Happy Birthday Dad! A Post from the Archives

Sibling Assignment # 102: Father Daughter Banquet, Bowling, and Lemon Fluff

I gave the sibling assignment this week. In honor of Father's Day I asked my siblings to remember a time that our father made them proud. You will soon find the much healthier RP's here and if Silver Valley Girl is off the links yet, hers will be here.

Being a member of Bluebirds and Camp Fire Girls was a big part of my growing up experience. Each year around Valentine's Day we had the annual Father Daughter Banquet. At our Camp Fire meeting we learned a song to sing to our dads and worked feverishly at decorating a box with a Valentine theme. The box held our banquet, which was similar to a box social meal.

One thing I loved about the Father Daughter banquet was the banquet we brought with us. Mom made the same food for us each year and the menu was our favorite. We had her cold fried chicken, homemade potato salad, and the famous Lemon Fluff dessert. If I remember right everything we needed was packed into our dinner box that I had proudly decorated. Now we often got to enjoy her cold fried chicken and potato salad, but Lemon Fluff was a treat. The dessert was discovered by a teacher partner of mom's at Silver King school as an inexpensive and fairly easy dessert to make, so it had been dished up at many an event at the school for PTA ,but we didn't get it often at home. This light lemon flavored dessert with a graham cracker crust was placed in little plastic square boxes for Dad and I to enjoy.

Another part of the Father Daughter Banquet that sticks in my memory is that for some unknown reason Dad always had a bowling tournament the same day. The coincidence was that the banquet was held upstairs in the same building as the bowling alley. Just as we sat down to eat our banquet here would come my Dad. Depending on the sponsor of his bowling team, he would be wearing a flashy,bright bowling shirt in red or gold advertising the beer company that was his sponsor. His forehead would be shiny with sweat, there would be a hint of beer on his breath, but he would sit down by me and enjoy the homemade banquet of food.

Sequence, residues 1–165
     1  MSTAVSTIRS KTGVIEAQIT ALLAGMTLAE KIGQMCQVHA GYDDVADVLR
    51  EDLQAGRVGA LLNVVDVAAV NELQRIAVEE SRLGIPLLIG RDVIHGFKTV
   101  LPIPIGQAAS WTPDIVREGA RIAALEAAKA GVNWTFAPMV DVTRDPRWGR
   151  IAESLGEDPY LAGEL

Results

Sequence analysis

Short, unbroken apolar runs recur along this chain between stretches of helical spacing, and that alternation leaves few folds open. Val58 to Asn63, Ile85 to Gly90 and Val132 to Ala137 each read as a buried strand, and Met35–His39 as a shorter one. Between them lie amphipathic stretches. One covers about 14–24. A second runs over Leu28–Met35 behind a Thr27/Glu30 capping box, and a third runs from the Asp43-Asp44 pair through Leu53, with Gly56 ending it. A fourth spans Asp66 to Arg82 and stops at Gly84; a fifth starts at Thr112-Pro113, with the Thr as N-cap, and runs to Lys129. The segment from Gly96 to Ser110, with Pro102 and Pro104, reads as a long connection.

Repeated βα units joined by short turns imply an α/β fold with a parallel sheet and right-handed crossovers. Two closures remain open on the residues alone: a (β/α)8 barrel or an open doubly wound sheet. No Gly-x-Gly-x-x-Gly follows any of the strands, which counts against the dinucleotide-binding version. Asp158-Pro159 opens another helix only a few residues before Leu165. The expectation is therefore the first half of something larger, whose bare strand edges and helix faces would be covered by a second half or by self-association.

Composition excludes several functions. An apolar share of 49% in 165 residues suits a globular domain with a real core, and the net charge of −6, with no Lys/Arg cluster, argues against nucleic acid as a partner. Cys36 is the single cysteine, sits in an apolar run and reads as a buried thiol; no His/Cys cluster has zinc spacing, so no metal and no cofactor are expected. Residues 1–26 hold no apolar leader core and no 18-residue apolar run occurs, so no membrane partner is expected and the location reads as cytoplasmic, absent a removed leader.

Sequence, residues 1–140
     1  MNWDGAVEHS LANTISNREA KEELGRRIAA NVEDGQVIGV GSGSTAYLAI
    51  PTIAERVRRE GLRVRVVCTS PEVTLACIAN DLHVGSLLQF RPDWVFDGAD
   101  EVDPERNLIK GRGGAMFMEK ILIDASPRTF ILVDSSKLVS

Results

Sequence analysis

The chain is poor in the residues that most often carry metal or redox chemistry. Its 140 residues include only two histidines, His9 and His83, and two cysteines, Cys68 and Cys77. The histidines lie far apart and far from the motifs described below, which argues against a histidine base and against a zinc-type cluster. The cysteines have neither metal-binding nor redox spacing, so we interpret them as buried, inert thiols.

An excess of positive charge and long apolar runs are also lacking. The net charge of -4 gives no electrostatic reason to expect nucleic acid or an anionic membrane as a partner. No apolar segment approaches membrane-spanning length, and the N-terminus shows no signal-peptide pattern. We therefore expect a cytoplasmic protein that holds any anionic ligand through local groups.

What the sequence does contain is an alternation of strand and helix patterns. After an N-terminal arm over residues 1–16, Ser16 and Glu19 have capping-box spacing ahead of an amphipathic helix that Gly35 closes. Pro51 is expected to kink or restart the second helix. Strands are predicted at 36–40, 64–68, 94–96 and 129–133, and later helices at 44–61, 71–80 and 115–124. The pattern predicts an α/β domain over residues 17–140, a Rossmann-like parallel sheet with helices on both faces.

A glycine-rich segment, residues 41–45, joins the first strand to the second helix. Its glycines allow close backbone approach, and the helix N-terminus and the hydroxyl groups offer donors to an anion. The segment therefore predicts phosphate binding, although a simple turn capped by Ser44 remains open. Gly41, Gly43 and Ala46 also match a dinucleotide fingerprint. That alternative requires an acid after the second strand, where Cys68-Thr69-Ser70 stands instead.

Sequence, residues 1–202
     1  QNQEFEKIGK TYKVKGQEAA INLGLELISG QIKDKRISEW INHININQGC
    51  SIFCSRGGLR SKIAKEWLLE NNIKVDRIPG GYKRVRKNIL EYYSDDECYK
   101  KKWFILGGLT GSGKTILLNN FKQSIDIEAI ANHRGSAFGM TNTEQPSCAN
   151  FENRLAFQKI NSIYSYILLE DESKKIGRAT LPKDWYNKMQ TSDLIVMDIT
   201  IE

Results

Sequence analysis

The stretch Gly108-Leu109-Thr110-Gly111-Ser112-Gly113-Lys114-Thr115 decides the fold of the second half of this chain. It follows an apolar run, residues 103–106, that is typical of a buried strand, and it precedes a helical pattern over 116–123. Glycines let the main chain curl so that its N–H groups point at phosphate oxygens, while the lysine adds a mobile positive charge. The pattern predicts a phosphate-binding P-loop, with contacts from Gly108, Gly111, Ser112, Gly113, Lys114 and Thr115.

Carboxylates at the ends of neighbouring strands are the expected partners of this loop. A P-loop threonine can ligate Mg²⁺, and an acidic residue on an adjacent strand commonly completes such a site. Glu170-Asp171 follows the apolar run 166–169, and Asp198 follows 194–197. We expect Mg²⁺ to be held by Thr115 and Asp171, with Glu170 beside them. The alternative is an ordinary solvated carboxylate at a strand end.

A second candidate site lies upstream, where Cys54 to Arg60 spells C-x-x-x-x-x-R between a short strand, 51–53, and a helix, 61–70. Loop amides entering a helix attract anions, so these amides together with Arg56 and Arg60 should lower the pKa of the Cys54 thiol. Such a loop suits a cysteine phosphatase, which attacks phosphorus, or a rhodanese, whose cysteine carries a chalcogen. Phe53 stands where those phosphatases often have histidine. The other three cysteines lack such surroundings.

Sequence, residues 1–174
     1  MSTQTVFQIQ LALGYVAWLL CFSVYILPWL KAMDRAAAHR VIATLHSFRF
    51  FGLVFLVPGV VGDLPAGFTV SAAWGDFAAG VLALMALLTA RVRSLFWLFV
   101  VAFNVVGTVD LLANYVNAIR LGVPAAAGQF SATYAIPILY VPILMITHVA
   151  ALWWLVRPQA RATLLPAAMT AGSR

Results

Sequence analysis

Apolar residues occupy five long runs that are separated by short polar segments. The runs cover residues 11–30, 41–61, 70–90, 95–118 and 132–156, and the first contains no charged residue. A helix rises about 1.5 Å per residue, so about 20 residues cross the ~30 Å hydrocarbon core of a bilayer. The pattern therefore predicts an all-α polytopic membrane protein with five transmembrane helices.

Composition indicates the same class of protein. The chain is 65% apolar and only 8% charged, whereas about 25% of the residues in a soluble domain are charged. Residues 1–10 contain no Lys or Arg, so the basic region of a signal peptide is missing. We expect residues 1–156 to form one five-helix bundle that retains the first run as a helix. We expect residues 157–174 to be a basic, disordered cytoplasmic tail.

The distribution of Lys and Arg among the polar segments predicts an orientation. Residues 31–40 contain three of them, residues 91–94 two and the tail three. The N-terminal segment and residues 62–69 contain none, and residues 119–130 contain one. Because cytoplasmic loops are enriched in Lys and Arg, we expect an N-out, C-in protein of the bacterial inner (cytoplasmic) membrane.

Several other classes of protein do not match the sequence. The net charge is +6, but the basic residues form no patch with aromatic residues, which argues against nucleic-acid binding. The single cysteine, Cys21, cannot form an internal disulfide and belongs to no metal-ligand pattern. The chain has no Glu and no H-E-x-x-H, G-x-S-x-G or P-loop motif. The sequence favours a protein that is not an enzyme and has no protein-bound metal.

If my memory serves me right I think sometimes he would have to go back down when it was his turn, then run back up the stairs. While catching his breath he always savored every bite of Mom's chicken, potato salad, and Lemon Fluff.

This was a moment that made me proud of Dad. Sitting awkwardly in a seat a bit too small for him , perhaps with his mind on the next frame of the bowling tournament and the cold Heidelberg he left downstairs , he focused on me as I sang "Let Me Call You Sweetheart" to him joined by my other Camp Fire friends.

Through the years Dad embellished his version of these banquets over and over again as he was so famous for doing. There was talk of missed frames, %#2$% George Linney, someone drinking his beer, and having to squeeze in small quarters to join me for the banquet. What will always stay with me was seeing Dad's misty eyes when I blew him a kiss when I finished " Let Me Call You Sweetheart". He hustled off to bowl his next frame not realizing I had seen those tears. I felt proud of my dad that night upstairs at the bowling alley.

No comments:

Post a Comment

I always enjoy reading comments!